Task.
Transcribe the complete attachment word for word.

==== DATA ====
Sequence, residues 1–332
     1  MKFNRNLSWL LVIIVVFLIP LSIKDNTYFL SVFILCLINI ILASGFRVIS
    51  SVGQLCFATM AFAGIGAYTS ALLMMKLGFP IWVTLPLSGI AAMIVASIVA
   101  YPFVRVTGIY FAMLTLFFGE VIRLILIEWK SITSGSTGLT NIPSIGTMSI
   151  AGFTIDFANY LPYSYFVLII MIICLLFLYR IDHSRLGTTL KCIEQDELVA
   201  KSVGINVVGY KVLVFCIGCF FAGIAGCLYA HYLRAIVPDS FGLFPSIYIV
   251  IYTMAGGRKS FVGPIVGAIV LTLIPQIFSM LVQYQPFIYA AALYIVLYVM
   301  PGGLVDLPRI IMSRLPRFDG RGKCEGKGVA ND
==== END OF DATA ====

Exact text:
Sequence, residues 1–332
     1  MKFNRNLSWL LVIIVVFLIP LSIKDNTYFL SVFILCLINI ILASGFRVIS
    51  SVGQLCFATM AFAGIGAYTS ALLMMKLGFP IWVTLPLSGI AAMIVASIVA
   101  YPFVRVTGIY FAMLTLFFGE VIRLILIEWK SITSGSTGLT NIPSIGTMSI
   151  AGFTIDFANY LPYSYFVLII MIICLLFLYR IDHSRLGTTL KCIEQDELVA
   201  KSVGINVVGY KVLVFCIGCF FAGIAGCLYA HYLRAIVPDS FGLFPSIYIV
   251  IYTMAGGRKS FVGPIVGAIV LTLIPQIFSM LVQYQPFIYA AALYIVLYVM
   301  PGGLVDLPRI IMSRLPRFDG RGKCEGKGVA ND